- Transform Your Mindset: A business on the verge of failure is discouraging. However, one of the most important things you can do is to develop a positive growth mindset. This means that you’re willing and open to learning from your mistakes, you’re ready to be flexible when things don’t go as planned, and you’re committed to keeping yourself inspired.
- Understand Your Customers: Have you noticed a decline in customer satisfaction? Take the time to understand why they have negative feedback and seek to identify strategies to solve these issues.
- Evaluate Your Finances: The financial health of a business has a significant impact on the longevity of a business. You’ll want to carefully assess your financial situation by taking a close look at income and expenses. Track what’s coming in and going out and then identify which expenses are necessary vs. which can be eliminated to free up additional capital. You’ll also need to create a budget and follow it to maximize the capital you have.
- Pivot If Necessary: If your business is falling short, pivoting can be difficult but gets you back on track. This could include changing your business plan, identifying a new target audience, entering a new vertical, or even selling a new product.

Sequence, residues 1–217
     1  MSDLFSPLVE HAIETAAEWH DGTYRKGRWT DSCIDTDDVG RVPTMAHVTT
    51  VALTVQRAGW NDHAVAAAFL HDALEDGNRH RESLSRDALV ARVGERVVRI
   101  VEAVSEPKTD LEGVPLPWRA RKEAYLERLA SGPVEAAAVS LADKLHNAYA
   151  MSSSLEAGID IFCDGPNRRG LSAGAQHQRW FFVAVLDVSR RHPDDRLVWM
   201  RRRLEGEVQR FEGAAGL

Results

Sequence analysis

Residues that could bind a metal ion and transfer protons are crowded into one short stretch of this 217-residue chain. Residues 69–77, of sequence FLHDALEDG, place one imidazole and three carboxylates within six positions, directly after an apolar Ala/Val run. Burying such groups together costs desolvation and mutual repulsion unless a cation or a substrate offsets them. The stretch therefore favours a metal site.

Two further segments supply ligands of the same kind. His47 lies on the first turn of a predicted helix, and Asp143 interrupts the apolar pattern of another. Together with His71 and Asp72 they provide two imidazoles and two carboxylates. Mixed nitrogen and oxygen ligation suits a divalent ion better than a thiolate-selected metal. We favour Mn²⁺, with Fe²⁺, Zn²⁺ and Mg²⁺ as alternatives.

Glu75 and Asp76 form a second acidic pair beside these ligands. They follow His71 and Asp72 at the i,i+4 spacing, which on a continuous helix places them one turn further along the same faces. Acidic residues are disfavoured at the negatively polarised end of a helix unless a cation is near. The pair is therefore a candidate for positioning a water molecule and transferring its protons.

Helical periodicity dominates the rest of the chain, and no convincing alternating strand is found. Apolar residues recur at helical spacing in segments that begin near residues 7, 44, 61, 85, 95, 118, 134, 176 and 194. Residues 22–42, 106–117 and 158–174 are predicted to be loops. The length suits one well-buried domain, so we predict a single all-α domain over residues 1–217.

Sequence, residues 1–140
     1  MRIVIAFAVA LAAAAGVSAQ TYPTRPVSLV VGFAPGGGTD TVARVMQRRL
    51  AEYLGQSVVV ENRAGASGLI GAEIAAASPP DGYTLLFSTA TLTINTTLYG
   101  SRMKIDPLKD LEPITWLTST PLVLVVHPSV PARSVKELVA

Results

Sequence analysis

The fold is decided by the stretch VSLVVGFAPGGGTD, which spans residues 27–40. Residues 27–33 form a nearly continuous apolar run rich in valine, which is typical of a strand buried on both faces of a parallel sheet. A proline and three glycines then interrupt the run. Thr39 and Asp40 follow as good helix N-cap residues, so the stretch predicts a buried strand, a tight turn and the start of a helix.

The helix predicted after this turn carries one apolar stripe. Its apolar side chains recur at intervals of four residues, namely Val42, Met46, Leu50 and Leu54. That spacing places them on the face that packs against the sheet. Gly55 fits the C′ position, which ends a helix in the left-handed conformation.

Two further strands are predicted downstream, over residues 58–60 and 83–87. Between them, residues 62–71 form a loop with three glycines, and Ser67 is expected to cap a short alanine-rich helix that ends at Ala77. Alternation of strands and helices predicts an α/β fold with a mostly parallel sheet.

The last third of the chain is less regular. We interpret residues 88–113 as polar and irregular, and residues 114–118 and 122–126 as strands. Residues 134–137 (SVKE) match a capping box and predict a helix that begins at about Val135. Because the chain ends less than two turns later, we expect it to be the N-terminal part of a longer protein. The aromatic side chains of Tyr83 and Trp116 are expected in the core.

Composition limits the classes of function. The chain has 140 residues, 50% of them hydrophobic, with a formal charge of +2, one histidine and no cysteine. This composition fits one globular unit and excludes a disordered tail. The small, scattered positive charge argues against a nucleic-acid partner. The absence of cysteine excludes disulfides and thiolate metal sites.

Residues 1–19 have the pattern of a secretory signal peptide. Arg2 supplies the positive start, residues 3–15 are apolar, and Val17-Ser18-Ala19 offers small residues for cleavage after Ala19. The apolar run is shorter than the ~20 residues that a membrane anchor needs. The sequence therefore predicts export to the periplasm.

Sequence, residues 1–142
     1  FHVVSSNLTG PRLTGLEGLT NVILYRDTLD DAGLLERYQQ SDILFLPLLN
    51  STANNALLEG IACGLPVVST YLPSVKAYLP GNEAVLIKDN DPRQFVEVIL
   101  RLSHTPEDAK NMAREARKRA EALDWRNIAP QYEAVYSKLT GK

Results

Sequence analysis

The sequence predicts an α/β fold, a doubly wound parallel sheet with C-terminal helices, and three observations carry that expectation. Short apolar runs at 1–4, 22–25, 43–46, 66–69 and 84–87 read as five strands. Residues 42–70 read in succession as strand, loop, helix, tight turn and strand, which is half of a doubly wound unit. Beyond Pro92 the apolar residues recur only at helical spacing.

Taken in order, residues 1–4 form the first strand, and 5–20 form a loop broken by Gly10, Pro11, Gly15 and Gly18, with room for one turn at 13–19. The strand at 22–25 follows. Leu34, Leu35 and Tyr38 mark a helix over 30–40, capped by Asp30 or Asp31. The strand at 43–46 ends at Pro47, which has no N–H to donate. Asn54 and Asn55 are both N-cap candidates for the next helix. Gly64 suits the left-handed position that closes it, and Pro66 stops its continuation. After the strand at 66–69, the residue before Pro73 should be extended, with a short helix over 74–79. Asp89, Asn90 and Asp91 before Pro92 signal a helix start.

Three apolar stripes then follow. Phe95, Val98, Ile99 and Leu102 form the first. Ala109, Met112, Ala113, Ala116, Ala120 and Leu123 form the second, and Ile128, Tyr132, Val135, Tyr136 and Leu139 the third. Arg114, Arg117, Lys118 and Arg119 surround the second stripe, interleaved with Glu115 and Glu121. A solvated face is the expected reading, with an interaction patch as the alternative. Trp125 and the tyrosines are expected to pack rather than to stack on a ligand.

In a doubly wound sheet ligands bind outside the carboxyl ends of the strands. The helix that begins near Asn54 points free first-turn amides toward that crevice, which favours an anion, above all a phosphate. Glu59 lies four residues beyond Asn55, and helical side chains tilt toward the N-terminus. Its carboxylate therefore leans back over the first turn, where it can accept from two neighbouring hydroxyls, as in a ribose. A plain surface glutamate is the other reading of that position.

Before you completely give up on your business, take the time to assess whether things can be turned around. You might be surprised to find that making adjustments to your strategy and business practices can give your business a new lease on life.
When Should a Business Shut Down?
An unfortunate reality of owning a business is that sometimes, the business is unsustainable. Closing your business shouldn’t be the first resort when you begin to feel entrepreneur fatigue. If you’ve tried to remedy burnout to no avail or you feel like your business is failing, giving up on entrepreneurship may be a last resort when nothing else works. Here are some valid reasons to consider leaving a business:
- Finances: If you’re a few years in, your business is still not turning a profit, and you’ve also exhausted your financial resources, it may no longer be sustainable. Even if the business idea is great, you want to avoid putting yourself into personal debt and financial trouble to support the business.